Older plants will take longer to show visible symptoms of viral infection, with a lag time of one to two weeks after they are initially infected. Younger plants will show symptom development within a few days of infection. Symptoms will emerge more quickly at higher temperatures. Shorter days and less intense light favor more severe symptom development.

Damaged Goods

Viral damage to pumpkins can’t be cured, but it can be mitigated. Late planted fields should not be nearby or downwind of susceptible fields. Planting grain sorghum or other summer grasses as trap crops around pumpkin fields may shield the crop from aphid damage.

Keeping weed populations down in and surrounding pumpkin fields is a control method. Papaya ringspot virus survives in weed populations along fencerows and in uncultivated fields. Watermelon mosaic virus 2 is readily transmitted from weed populations, as is zucchini yellow mosaic virus. Cucumber mosaic virus overwinters in perennial flowers. It can also be transmitted directly via seeds from infected plants. Leaves curl downward, and flowers may become deformed, with green petals.

Reflective mulches can deter aphids. Mineral oils and insecticidal soaps can inhibit aphid feeding, and disease resistant cultivars may be available.

Other issues can cause disfigured pumpkins too. Sunburn can cause discoloration, which then progresses to a shrunken spot several days later. This can occur when field curing pumpkins, or on fruit from damaged, diseased vines where pumpkins are left without adequate protection from the sun. Sunny days with low humidity when field curing pumpkins are risk factors.

End of the season frost damage can cause problems for late harvested pumpkins. Maintaining healthy green vines and leaves offers protection. Water-soaked spots which cause the rind to soften are indicative of frost damage, and this may progress to fruit rotting.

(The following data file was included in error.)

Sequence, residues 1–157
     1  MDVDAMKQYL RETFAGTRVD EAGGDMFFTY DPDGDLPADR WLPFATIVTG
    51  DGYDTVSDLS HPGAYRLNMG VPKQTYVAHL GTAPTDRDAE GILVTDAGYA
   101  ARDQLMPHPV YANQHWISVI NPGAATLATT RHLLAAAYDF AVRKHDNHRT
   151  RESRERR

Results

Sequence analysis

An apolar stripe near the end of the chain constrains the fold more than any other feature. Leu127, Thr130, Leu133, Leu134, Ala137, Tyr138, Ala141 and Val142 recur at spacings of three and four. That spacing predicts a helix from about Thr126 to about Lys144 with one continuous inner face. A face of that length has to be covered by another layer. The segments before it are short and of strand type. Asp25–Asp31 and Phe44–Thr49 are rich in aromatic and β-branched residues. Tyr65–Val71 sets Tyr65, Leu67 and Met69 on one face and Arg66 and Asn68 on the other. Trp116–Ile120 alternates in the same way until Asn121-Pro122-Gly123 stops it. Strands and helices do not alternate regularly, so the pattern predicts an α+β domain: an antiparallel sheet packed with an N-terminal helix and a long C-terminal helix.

Bacterial leaf spot in pumpkins also causes changes to the fruit. Small, raised, colored spots proliferate on the pumpkin. These can eventually coalesce into flattened lesions as the fruit matures.

Pythium fruit rot will impart cringe-worthy damage to fruit, which is more than cosmetic. Pythium infection causes a cottony-fluffy looking white rot. Pumpkins with black rot – fungal disease – will have large, black oozing areas on the rind.

The fungal agent responsible for plectsporium blight can riddle pumpkin “handles” with lesions, weakening them, and cause white russeting on the fruit. Other fungal pathogens can cause severe fruit damage and rot too.

Although viruses can cause mild to severe cosmetic damage, these marred pumpkins may still be marketable as novelty decorations. While no one is trying to raise an unhealthy pumpkin, a bit of cosmetic damage may not mean that your pumpkins can’t be marketed – at least during Halloween season.

2020-10-02T12:35:05-05:00October 2, 2020|Grower, Grower East, Grower Midwest, Grower West|0 Comments